Home Latest News Why Nigeria does not have national carrier — Chidoka

Why Nigeria does not have national carrier — Chidoka


The out-going Minister of Aviation, Chief Osita Chidoka has revealed why he could not midwife a national carrier for Nigeria before the expiration of his tenure, just as he identified and explained some of the problems bedeviling the Aviation ministry and its parastatals. Chidoka, while presenting his aviation score card to stakeholders in Lagos, said that none of the domestic airlines currently operating domestic flights in the country can become a national carrier because they are privately owned, adding that a national carrier must have a diverse ownership structure .

The minister said attempts to make Aero Contractors a national carrier in 2011 failed because the minority shareholders refused to agree to restructure the ownership. He added that Aero was chosen because of its indebtedness to the Federal Government through AMCON, its safety records, the size of its fleet, operational coverage and availability of electronic ticketing.

He also said because the Aero Contractors experiment failed, the ministry’s panel set up to look at the viability of a national carrier advised that Nigeria should explore the multiple carrier option instead of the single national carrier option.

Chidoka revealed that for any airline to transform into a national carrier “it must have International Air Transport Association (IATA) and International Operational Safety Audit (IOSA) certification, it must have evidence of technical partnership and must meet minimum fleet size, equipment and diverse ownership.”

According to him, “for you to be a national carrier, the ownership structure should be diversified. The airline should not be a family business operated by one man and his children. Private investors should have equity in the business, the books must be open for scrutiny and auditing and there must be transparent financial dealings and agreeing to restructure the ownership through the sale of shares on a 60/40 basis.

“The airline must have a strong and reliable technical partnership that will constantly guide the airline on the path of safety and profitability. This must be accompanied by International Air Transport Association (IATA) International Operational Safety Audit(IOSA) certification which is done periodically. The airline must have the right fleet size in order not to put unnecessary pressure on few air planes which will lead to quick wear and tear.”

The minister also explained why the Ministry of Aviation has not been very effective in discharging its function of overseeing the parastatals under the ministry. Chidoka said “The Ministry of Aviation has eleven departments. Two of the eleven departments are focused on the provision of technical Aviation services. Current staff strength in the ministry stands at 560. “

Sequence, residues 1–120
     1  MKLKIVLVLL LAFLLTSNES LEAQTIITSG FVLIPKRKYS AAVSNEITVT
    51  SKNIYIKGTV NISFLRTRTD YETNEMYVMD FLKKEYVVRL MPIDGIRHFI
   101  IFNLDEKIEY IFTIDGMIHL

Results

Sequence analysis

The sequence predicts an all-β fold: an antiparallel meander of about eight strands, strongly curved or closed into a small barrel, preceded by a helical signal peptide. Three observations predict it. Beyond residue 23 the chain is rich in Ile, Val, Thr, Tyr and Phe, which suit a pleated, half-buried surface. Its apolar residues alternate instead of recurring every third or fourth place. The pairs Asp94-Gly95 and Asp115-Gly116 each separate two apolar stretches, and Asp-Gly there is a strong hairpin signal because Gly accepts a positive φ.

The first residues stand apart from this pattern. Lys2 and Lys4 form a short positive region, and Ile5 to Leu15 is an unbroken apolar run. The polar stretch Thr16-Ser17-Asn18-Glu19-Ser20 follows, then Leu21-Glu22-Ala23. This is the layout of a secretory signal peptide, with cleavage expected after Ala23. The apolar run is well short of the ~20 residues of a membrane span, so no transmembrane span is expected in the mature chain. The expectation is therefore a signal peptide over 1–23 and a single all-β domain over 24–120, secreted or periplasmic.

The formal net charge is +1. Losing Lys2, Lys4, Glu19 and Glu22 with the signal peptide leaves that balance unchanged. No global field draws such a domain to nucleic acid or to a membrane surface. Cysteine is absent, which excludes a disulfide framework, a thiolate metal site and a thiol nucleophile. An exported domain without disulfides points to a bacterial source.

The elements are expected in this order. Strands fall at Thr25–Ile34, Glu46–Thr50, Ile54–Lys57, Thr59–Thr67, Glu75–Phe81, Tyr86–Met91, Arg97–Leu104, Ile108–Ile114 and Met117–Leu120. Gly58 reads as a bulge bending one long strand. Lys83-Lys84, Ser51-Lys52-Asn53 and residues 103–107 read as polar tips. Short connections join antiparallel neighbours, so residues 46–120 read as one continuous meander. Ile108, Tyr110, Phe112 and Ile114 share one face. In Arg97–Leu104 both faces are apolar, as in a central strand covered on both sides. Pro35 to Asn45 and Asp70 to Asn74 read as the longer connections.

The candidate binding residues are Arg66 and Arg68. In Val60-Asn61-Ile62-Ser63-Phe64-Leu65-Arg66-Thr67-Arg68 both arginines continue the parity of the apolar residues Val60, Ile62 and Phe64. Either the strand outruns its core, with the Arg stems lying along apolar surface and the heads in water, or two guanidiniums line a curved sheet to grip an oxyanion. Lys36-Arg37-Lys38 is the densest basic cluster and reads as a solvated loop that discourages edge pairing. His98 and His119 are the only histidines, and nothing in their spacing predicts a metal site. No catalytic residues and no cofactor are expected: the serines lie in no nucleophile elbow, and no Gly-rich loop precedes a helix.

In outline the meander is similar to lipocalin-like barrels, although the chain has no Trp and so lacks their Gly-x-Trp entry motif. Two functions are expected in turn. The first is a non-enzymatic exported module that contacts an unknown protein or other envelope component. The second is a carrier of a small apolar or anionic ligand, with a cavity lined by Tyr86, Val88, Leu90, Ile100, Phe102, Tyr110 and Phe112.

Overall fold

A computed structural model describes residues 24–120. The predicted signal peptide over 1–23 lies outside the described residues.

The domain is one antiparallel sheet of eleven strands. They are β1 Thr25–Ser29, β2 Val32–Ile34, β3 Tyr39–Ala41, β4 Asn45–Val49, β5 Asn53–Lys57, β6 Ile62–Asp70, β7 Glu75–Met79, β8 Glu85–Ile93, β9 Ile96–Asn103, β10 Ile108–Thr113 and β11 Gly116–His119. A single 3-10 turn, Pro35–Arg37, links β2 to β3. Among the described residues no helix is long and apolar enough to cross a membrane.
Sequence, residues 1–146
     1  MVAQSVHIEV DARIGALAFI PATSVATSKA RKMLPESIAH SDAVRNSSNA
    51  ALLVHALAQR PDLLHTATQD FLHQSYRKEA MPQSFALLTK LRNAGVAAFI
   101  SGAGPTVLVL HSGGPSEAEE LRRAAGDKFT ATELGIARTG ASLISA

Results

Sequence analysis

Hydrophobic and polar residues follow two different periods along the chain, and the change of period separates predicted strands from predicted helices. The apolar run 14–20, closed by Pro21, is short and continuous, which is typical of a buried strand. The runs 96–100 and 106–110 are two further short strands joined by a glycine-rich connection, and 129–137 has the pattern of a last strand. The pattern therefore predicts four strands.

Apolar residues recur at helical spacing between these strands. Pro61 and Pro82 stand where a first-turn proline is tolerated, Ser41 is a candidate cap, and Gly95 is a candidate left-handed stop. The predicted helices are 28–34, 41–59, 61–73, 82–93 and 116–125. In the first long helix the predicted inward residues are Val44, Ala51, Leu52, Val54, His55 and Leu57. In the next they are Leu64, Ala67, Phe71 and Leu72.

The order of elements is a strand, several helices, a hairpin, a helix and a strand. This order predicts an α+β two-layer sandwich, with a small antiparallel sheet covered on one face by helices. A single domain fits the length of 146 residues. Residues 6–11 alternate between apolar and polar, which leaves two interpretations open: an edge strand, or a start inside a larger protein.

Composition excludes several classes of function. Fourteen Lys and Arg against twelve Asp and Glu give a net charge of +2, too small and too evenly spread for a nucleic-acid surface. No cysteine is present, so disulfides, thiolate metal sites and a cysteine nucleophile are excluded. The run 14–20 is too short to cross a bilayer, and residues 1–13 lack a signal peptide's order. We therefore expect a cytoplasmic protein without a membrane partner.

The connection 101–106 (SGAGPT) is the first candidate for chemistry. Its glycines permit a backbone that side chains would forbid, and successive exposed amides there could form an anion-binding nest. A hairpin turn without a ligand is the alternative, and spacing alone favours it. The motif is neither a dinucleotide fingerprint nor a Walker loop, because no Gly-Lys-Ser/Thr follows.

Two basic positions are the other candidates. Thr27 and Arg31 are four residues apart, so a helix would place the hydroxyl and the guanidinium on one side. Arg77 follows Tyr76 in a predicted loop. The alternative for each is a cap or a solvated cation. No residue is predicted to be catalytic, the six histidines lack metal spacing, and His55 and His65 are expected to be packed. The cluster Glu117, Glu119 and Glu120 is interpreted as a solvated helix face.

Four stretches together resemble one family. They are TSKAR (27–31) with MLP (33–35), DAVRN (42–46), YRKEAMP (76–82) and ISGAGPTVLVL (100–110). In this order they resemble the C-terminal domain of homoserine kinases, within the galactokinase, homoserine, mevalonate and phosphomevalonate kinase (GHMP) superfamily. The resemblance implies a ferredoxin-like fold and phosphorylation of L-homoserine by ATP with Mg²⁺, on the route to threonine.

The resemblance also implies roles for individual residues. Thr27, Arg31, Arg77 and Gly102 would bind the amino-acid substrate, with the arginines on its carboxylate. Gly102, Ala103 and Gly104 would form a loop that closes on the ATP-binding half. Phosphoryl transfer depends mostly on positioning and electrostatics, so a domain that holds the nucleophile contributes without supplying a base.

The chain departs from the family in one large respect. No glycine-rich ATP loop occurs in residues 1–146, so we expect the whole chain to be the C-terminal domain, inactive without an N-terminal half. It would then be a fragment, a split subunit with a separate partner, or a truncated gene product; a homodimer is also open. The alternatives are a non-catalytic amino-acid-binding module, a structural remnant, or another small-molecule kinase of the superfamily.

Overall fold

“32.96% of the staff serve in the two technical departments while the remaining are split amongst the non-technical departments .The staff pooling system of the federal civil service limits the ministry ability to build and maintain a group of technical experts to manage the affairs of the civil Aviation industry.” “The pooling system should be modified to accommodate the technical expertise required in certain areas. The ministry staff strength is skewed towards service areas as against technical aviation related areas.

The staffing needs to be re-adjusted to enable the ministry beef up the staff numbers in the technical aviation areas which is the organisation’s core focus”. The Aviation Ministry boss further disclosed that the problem with the ministry is not the removal of the minister but the frequent posting and transfer of the permanent secretary. This, he said, had created room for politicians and contractors to take over the ministry.

On the survival of airlines, the Aviation Minister said that he would not subscribe to a situation where airlines are allowed to die before efforts are made to rescue them, adding that the regulator should be proactive to intervene in any airline the moment it notice any sign of problem. “There is the need to set up Aviation corporate governance and enterprise Risk framework to reduce the probability of aviation corporation failure due to moral hazard.” Chidoka said.

The Minister further said that he had appealed to Pension Commission (PenCom) to set aside 3 per cent of pension fund to invest in aviation, adding that when this is done it would help to grow Nigerian airlines. Chidoka harped on the need to give Nigerians seeking participation in the aviation industry first right of refusal. Specifically, he said Nigerians should be allowed to operate   In- flight catering services.

He said he did not give approval and would advice incoming minister not to give approval to any foreign company seeking approval to operate in the country, adding that when Nigeria In-flight catering company; Airline Services Limited(ASL) tried to operate in Britain ,it was frustrated . He explained that the British authority asked ASL to seek the cooperation of customers first before coming to them, while the customers asked ASL to get approval from the British airport authority.

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